How Much Water Do We REALLY Need To Drink Every Day

When it comes to staying healthy and maintaining weight, we are constantly told that one of the essential things to do is drink enough water. Water in the system helps keep kidneys and bowels functioning properly, and also plays a part in flushing toxins from the body.

Great! Making all that happen just by drinking water is pretty easy, right? Well, how much is enough?

There are a variety of opinions out in the medical, nutritional and exercise communities, including some who think we should be sipping a bottle of water all day long, but the general rule of thumb is begin at drinking eight eight ounce glasses a day.

That’s 8×8.

Using a standard English measure, that’s eight cups of water or, if you are fluent in the metric system, about a liter.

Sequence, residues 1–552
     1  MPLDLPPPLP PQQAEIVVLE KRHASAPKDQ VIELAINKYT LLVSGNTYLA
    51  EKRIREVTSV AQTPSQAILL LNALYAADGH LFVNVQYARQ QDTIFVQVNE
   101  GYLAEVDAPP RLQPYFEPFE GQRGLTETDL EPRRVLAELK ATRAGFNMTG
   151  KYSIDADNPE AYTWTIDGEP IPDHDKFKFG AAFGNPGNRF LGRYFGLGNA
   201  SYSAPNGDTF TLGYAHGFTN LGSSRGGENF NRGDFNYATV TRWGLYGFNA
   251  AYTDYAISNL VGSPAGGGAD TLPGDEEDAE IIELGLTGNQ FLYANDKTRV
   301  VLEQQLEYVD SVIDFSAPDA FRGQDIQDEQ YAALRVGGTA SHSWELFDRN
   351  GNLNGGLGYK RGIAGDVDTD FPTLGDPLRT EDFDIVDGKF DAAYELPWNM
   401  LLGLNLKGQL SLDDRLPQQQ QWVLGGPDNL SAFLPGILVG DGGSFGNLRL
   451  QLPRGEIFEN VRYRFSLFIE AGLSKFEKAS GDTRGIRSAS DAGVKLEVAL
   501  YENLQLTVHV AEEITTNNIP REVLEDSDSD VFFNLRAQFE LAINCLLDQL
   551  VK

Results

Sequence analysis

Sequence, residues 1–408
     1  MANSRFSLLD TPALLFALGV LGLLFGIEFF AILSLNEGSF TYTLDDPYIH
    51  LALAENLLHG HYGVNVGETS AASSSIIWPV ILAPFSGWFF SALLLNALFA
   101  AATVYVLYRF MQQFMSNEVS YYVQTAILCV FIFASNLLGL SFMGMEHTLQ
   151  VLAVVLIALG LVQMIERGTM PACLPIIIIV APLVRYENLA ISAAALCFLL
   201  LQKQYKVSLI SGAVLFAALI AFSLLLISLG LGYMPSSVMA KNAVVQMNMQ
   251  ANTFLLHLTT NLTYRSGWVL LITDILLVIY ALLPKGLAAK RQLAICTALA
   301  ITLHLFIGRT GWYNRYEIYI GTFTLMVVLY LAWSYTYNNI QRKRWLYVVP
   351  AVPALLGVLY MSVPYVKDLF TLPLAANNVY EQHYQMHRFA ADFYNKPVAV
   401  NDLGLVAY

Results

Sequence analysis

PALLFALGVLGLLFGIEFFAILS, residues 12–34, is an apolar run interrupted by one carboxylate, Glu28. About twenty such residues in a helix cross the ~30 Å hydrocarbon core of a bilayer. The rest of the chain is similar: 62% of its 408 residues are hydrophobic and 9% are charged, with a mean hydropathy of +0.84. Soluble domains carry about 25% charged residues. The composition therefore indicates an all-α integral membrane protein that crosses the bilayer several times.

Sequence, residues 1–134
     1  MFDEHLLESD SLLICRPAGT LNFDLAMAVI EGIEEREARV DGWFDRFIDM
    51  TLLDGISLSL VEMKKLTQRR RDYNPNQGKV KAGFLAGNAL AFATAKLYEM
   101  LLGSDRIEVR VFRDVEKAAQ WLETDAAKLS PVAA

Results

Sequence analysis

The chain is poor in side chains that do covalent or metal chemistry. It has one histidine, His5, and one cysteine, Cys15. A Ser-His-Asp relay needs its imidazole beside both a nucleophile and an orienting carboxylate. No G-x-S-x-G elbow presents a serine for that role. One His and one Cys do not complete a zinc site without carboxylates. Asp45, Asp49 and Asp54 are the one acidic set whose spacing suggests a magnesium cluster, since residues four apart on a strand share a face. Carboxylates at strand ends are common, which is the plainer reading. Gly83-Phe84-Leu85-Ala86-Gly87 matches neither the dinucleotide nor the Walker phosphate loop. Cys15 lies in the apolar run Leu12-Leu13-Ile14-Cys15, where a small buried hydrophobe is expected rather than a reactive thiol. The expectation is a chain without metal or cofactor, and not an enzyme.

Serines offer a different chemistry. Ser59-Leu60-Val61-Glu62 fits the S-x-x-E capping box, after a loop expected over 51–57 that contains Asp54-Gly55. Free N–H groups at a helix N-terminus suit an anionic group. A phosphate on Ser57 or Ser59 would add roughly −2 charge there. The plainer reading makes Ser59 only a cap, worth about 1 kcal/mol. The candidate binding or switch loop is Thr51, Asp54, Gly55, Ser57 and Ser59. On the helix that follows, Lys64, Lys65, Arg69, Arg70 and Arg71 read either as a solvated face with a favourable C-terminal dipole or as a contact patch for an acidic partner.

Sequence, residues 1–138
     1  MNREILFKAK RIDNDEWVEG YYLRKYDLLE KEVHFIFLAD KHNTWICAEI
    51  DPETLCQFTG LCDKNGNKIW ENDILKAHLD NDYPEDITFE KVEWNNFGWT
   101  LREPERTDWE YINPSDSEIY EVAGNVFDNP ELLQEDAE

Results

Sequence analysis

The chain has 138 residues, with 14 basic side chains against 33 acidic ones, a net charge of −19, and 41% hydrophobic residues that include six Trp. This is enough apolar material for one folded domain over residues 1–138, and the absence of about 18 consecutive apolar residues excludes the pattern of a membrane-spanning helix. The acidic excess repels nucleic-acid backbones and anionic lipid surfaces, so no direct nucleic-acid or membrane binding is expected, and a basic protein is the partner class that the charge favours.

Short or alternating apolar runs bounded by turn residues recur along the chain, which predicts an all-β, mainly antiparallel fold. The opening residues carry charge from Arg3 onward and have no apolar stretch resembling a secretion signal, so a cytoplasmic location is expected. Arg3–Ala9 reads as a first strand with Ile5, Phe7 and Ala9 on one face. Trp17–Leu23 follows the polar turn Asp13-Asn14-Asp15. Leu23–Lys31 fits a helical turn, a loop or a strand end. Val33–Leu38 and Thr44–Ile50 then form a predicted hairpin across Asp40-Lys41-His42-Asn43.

But, that’s just where we should all start with our water consumption. Every day, all humans lose water, the most abundant molecule in the body, through sweat and urination. Obviously, that water has to be replaced. Too much water drinking all at once is not ideal as it will interfere with brain function, but over the course of a day, drinking when thirsty (or creating a schedule for the OCD among us) should do the trick.

There are times when more water drinking than just the bare minimum is necessary. Women who are breastfeeding, people who have exercised and are sweating, after a professional massage, while ill with stomach and intestinal bugs are all times that water consumption needs to increase. People who are injured and those who have colds are also advised to increase water consumption.

So, is it just water that counts, or can other beverages be counted in overall consumption as well?

There are conflicting schools of thought on the answer to that question as alcohol and caffeine are both diuretics, so to be on the safe side, it’s worth just sticking to the 8×8 rule of thumb.

Also, caregivers of older adults should watch out that their charges are getting enough to drink. Like so many other things related to aging and the human body, the thirst mechanism reliability lessens with age.


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